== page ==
Public schools throughout the nation are engaged in improvement efforts - all without the threat of vouchers or other competition. For teachers and others who work in the schools to meet the needs of children, school improvement has intrinsic rewards - beyond the financial punishments and rewards used in profit-making enterprises.


The public rejects vouchers and prefers improving public schools.

Many of the polls that show large support for vouchers use loaded terms, such as 'parental choice' and 'opportunity scholarships.' The more specific one is about a real voucher proposal, the more support goes down.

A Public Agenda opinion data research project conducted in the spring of 1999 found that "Most Americans know very little about vouchers, charter schools or for-profit schools . . . Experts and advocates may hold carefully thought-out positions, but the public has barely begun to learn how these proposals work." Public Agenda found that 63 percent of the general public say they know "very little" or "nothing" about school vouchers. Awareness of vouchers was not much higher in Milwaukee and Cleveland where school voucher sites exist.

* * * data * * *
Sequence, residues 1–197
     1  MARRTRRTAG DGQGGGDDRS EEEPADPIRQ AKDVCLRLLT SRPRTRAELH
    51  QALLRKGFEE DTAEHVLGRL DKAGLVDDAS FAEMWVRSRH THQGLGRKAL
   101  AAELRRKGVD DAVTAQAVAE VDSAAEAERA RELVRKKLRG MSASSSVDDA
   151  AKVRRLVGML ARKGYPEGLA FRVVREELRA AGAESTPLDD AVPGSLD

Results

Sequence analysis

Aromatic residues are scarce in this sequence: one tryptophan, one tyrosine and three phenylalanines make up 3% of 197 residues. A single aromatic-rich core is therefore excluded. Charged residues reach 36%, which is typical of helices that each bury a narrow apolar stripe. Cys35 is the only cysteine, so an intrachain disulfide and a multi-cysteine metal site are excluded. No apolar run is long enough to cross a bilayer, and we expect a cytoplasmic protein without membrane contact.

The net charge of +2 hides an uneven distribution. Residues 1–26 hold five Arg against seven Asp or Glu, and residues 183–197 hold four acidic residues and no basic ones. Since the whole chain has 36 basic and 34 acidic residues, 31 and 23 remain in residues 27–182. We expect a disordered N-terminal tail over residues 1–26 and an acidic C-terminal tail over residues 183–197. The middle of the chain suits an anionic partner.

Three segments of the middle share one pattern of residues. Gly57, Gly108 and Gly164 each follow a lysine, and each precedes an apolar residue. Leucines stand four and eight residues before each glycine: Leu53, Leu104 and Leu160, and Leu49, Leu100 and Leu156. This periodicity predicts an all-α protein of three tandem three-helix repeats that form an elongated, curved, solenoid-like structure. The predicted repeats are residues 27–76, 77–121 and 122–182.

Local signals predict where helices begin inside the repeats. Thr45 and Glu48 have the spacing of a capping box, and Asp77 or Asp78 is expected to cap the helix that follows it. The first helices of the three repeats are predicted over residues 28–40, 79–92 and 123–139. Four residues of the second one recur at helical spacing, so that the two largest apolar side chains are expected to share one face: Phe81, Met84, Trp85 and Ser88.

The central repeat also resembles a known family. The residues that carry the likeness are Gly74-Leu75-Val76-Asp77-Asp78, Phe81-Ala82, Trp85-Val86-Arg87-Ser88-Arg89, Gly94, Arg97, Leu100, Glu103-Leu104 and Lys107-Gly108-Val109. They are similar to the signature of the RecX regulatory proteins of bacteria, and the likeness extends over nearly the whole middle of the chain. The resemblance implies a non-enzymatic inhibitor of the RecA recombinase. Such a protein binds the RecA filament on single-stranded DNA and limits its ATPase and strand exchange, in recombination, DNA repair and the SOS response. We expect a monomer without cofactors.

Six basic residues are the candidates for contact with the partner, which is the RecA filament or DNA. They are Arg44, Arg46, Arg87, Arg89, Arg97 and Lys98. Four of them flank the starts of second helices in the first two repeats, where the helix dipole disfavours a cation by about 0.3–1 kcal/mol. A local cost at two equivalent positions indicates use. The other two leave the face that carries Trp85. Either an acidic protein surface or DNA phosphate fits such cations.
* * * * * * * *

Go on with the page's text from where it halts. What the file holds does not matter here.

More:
In September 2000, Phi Delta Kappan magazine found that three-fourths of Americans would rather invest in improving existing private schools rather than paying for vouchers.

Vouchers and Voters

Since 1972, there have been 10 attempts at vouchers and tuition tax credits, and all 10 have been overwhelmingly defeated. In fact, only one of these has been able to garner even 40 percent of the vote.


 Location  Year   Yes %  No %
 Maryland  1972  45%  55%
 Michigan  1978  26%  74%
 Colorado  1992  33%  67%
 California  1993  30%  70%
Washington 1996 36% 64%
Michigan 2000 31% 69%
California 2000 29% 71%

Tuition Tax Credits

 Location  Year  Yes %  No %
 District of Columbia  1981  11%  89%
 Oregon  1990  33%  67%
 Colorado  1998  40%  60%


Some voucher advocates argue that vouchers will prompt public schools to change. Public schools nationwide have been making significant progress over the past two decades although there is much more that can be done.

The National Education Association and its affiliates support direct efforts to improve schools through programs proven to work, including raising expectations for students through high standards - and giving students the help they need to meet those standards, through reducing class size and enhancing teachers' knowledge and skills.

Following are some of the indicators of public school improvement—absent "competition through vouchers."

America's public schools have made significant progress in every area over the past decade.

For more information on what steps states and localities are taking to enhance educational accountability and improve quality and access, see Education Week's Quality Counts 2002 website -

Michael Pons
NEA Communications
April 2002